Several new details emerged Tuesday about the horrific, livestreamed massacre carried out by a gunman who killed five colleagues at a bank office in Louisville, Kentucky, on Monday morning.

Louisville Police Chief Jacquelyn Gwinn-Villaroel identified the suspect as 23-year-old Connor Sturgeon, an employee at the Old National Bank. Officials said Tuesday that Sturgeon used an AR-15 he’d purchased legally on April 4, told at least one person that he was suicidal and intent on causing harm shortly before the attack, and left a note. Gwinn-Villaroel said Sturgeon was livestreaming throughout the attack, which also left nine people injured, including three police officers.

Meta, the company that owns Facebook and Instagram, confirmed it “quickly removed” the stream after it was uploaded. But an unnamed city official provided details to CNN early Tuesday, saying the attack only lasted about a minute.

According to the source, the weapon was clearly visible at the beginning of the livestream as the shooter entered the bank. There, he was reportedly greeted by a worker who wished him a good morning. “You need to get out of here,” the gunman reportedly told the woman—before attempting to shoot her in the back.

The official said the attempt failed because the weapon was unloaded and its safety was on. After taking the safety off and loading the rifle properly, the gunman then shot the woman in the back, the source said. It’s not clear if she survived.

The shooter then opened fire at people inside the bank as they attempted to drop to the floor, according to the official, who added that the gunman didn’t go to any floors where other employees were present. The attack started at around 8:38 a.m., before the bank had opened to the public.

After around one minute of carnage, the gunman sat in the lobby and waited for cops to arrive, the official said. About 90 seconds later, officers arrived and exchanged fire with him. Sturgeon was killed in a shootout.

On Tuesday, Louisville Mayor Craig Greenberg said media reports that Sturgeon had been fired, or was on the verge of being fired, were incorrect. He was still employed by the bank and had access to the building as a result, Greenberg said.

“This was targeted,” Gwinn-Villaroel said. “He knew those individuals because he worked there and the evil that played out [yesterday], taking those lives and injuring so many others, it’s just truly unfortunate.”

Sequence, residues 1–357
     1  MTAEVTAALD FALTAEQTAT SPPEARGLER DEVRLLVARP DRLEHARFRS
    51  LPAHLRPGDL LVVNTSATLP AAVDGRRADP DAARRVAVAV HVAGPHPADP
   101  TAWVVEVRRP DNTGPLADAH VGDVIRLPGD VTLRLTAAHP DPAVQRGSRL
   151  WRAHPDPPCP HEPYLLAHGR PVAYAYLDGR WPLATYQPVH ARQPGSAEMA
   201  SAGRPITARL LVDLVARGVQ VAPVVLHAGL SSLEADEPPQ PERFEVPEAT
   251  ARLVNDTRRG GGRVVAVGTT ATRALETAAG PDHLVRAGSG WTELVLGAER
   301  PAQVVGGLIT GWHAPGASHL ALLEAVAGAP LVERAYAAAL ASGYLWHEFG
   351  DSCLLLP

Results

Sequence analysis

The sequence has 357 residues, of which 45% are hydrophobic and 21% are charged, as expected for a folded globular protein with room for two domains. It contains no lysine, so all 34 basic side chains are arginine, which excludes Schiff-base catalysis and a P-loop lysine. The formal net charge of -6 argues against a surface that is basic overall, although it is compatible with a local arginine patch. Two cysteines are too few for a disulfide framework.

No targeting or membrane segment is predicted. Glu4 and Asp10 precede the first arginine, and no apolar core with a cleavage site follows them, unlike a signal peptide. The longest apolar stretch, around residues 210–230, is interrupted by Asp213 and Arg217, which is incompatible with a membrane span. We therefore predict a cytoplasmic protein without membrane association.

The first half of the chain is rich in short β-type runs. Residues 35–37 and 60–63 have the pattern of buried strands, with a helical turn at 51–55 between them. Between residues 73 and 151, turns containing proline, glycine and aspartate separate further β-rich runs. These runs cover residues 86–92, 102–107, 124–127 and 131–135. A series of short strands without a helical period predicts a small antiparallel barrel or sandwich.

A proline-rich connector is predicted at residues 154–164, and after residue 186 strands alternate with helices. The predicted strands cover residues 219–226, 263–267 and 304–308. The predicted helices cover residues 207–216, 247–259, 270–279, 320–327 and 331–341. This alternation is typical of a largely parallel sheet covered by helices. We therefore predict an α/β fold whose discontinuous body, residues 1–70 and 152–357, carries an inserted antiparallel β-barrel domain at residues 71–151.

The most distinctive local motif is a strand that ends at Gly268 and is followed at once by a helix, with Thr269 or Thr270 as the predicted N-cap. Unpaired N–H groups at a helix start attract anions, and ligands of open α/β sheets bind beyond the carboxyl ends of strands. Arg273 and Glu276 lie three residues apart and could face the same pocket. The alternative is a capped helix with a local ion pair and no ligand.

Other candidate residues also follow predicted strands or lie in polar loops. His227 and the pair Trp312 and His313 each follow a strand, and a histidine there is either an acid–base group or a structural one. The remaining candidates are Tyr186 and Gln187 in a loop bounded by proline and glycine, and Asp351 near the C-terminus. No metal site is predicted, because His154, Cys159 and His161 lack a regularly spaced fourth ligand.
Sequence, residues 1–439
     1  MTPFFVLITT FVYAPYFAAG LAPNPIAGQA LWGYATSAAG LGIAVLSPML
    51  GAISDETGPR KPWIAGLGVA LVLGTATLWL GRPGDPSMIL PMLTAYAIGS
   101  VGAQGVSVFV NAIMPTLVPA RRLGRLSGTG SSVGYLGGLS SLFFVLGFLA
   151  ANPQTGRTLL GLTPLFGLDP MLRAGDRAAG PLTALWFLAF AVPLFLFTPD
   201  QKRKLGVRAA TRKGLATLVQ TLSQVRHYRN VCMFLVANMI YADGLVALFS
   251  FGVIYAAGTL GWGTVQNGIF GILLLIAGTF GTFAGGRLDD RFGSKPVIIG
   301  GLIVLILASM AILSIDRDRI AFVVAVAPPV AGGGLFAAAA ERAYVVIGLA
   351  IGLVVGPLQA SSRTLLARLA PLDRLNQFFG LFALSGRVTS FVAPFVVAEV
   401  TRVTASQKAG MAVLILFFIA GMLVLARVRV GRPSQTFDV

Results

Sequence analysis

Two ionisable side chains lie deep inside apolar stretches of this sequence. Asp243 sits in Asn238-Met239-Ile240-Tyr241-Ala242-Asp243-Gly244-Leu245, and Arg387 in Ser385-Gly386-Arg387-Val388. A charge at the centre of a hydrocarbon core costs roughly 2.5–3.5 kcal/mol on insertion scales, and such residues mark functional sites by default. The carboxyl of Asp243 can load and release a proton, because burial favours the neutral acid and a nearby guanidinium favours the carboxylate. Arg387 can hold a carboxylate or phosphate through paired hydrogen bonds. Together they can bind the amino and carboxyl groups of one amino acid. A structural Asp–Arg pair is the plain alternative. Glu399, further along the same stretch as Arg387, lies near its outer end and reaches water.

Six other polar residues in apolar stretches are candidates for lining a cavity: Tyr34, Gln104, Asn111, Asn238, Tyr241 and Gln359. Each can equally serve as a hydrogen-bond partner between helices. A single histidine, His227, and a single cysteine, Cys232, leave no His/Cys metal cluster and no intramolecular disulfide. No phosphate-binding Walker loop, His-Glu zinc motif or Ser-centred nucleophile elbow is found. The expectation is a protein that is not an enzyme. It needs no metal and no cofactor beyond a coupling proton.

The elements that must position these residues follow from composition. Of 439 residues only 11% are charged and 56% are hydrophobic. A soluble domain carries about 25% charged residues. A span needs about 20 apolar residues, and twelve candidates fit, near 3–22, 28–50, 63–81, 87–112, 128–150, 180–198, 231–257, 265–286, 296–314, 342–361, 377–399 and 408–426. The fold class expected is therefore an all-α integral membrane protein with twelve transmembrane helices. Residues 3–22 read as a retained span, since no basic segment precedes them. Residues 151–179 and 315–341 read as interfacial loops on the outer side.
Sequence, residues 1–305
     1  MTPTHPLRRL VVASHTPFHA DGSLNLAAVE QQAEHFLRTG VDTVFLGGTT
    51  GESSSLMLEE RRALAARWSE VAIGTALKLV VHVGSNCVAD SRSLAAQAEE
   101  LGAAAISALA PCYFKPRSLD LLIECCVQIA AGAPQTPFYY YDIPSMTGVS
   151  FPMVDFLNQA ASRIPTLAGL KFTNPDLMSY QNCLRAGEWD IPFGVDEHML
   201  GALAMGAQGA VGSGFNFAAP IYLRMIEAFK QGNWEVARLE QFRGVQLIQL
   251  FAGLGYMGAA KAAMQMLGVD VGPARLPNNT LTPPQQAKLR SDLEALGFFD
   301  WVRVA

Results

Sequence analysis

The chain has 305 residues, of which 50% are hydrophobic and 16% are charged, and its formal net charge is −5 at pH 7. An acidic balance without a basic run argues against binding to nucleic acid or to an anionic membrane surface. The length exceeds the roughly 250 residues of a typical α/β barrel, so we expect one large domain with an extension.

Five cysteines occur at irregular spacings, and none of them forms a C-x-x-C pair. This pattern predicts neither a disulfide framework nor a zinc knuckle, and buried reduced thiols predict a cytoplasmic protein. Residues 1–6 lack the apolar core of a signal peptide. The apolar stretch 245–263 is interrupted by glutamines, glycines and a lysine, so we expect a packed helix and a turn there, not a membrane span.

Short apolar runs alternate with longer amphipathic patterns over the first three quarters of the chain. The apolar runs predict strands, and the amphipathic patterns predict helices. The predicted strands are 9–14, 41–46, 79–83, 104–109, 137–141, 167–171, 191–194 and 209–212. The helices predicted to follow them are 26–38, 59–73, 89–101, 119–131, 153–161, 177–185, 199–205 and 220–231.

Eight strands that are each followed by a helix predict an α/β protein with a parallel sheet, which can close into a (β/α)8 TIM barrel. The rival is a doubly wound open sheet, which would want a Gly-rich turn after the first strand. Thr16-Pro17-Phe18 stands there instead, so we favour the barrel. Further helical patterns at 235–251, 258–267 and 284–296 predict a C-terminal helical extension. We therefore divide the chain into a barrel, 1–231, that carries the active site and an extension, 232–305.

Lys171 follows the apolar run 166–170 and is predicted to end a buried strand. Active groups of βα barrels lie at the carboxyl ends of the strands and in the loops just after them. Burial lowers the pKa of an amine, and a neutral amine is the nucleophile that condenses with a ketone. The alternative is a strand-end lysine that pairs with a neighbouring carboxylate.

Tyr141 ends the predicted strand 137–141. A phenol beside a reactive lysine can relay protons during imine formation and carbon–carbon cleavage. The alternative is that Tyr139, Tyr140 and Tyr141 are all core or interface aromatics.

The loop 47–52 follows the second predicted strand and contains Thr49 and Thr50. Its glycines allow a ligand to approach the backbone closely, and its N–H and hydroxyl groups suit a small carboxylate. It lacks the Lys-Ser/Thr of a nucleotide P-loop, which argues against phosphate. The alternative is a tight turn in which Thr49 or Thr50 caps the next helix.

Cops are yet to disclose a potential motive, but said body-camera footage would be released Tuesday afternoon. Greenberg said that video will show Cory Galloway, one of the responding officers who suffered a graze from a gunshot himself, was the person who killed Sturgeon just minutes after he opened fire in the bank. Galloway had been training new recruit Nickolas Wilt, who was shot in the head as he “unflinchingly” ran towards the danger on Monday, Gwinn-Villaroel said.

Speaking at Tuesday’s press conference, an impassioned Rep. Morgan McGarvey (D-KY) called on lawmakers to make it harder for people to purchase guns on a whim, and criticized Republicans who’ve recently focused on “banning books” and “pronouns” instead of the increasingly common mass shootings that have ravaged communities.

“If you are a person of faith we welcome your prayers,” McGarvey said. “But we need policies in place to prevent this from happening again. We need bipartisan action to stop this.”

On Monday, a former friend and teammate of Sturgeon’s from Floyd Central High School in Floyds Knob, Indiana, told The Daily Beast that Sturgeon was smart and popular during his school days. The friend said that Sturgeon had worn a helmet during basketball games after suffering “multiple concussions.”

Police confirmed the names of those killed in the attack as Old National Bank staff Tommy Elliott, 63, Jim Tutt, 64, Josh Barrick, 40, Juliana Farmer, 57, and Deana Eckert, 57.

Three police officers were injured, including Wilt, 26, who graduated from the academy on March 31 and was on his fourth-ever shift.

Dr. Jason Smith of UofL Health said the hospital burned through 170 units of blood to treat victims—an amount that “far outstrips” the hospital’s usual capacity. Wilt remained in critical condition on Tuesday, he said.

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